IT HAPPENS ONLY IN INDIA,
GREAT JOB MR. PARMAR
it is good to eat as many as vegetables and fruits (totally vegetarian), but my aurvedic doctor asked me to stop eating every...
An effort to regulate drug prices, through measures "other than price control", has been wasted. A task force (tf) set up as per Supreme Court (sc) recommendations to find ways to reduce prices of life-saving drugs, could not come up with many viable solutions. The tf had representatives from the Planning Commission, Union ministry of health and family welfare (mohfw) and ministry of chemicals and fertilisers (mocf). It recently submitted its recommendations to mocf's department of chemicals and petrochemicals.
As this control reduces profits for drug manufacturers, companies shy away from manufacturing these medicines. For drug manufacturers to accept the list, the tf suggested changes in the way drug prices were fixed. It said the ceiling price should not be based on the cost price of the raw material. Instead, the average price of the top three brands of the country should be used. But this could lead to a big leap in prices of medicines. An analysis in the Economic and Political Weekly (October 8, 2005), demonstrates this hike in price with the example of a 400-milligramme tablet of the anti-worm medicine albendazole. It says that if the average price of the top three companies were taken, one tablet of albendazole would cost about Rs 10.50. This is more than 2,900 per cent margin over the cost of the raw material, which comes to just 36 paise per tablet.
In the case of a new drug, the tf recommends that manufacturers introducing new medicines should submit intended entry price along with their applications for marketing approval. This could be difficult as the drugs controller general gives the marketing approval, while the mocf decides the prices . A lso, the tf suggested the price of the medicine should be negotiated at the stage of approval. But it failed to mention the authority responsible for this. It does not mention how these negotiations would comply with the T rade Related Intellectual Property Rights agreement regarding patented drugs.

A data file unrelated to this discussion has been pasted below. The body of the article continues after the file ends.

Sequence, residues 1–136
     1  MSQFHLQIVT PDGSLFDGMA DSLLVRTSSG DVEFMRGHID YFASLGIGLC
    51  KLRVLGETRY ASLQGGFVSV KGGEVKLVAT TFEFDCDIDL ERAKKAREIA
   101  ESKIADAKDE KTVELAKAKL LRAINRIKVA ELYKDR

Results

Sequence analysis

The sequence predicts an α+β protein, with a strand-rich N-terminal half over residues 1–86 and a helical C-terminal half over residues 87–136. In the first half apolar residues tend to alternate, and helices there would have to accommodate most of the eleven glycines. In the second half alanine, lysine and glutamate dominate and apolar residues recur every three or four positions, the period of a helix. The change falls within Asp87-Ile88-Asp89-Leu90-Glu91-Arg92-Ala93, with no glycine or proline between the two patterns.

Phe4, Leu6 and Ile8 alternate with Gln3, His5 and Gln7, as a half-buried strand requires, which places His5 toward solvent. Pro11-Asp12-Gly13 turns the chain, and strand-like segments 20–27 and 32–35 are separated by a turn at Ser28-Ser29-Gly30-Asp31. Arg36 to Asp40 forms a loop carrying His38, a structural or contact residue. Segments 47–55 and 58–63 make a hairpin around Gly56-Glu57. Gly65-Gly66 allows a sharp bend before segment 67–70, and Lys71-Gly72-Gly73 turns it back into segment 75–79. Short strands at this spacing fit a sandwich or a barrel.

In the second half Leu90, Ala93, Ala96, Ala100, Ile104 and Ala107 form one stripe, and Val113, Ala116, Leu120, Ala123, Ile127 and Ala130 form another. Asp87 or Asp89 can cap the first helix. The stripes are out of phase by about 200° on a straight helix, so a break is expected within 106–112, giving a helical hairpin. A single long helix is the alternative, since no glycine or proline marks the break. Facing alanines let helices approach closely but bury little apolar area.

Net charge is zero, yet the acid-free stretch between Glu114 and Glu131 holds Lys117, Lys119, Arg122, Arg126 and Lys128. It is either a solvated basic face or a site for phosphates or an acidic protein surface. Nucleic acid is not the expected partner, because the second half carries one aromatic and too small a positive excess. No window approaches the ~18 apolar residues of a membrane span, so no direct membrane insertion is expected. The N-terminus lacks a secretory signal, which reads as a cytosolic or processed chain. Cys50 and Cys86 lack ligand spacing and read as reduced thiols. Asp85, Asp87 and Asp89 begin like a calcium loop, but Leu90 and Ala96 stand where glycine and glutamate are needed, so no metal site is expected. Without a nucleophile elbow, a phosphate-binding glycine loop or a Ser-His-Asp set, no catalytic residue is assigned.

The report also suggests that public sector undertakings (psus) involved in drugs manufacturing should be revived. These psus would provide medicines at cost price, effectively solving the problems of high price and non-availability. But this might not help in making patented drugs available.
Other recommendations include introduction of a new legislation called the Drug and Therapeutics (Regulation) Act and also establishing a National Authority on Drugs and Therapeutics as an independent regulatory agency. This would integrate the existing offices of the Drugs Controller General of India, Central Drugs Standard Control Organisation and the National Pharmaceutical Pricing Authority.
The mocf will study the report before submitting the final draft to the Union cabinet for its approval. A drug policy expert feels, "The report at least identifies the problems, even if solutions are not forthcoming. This is the first time a policy document has acknowledged the problem of overpriced medicines." But others hope that some changes will be made in the report. M D Nair, a consultant to the industry, feels a better way to regulate drug prices is to ensure multiple suppliers of the drug.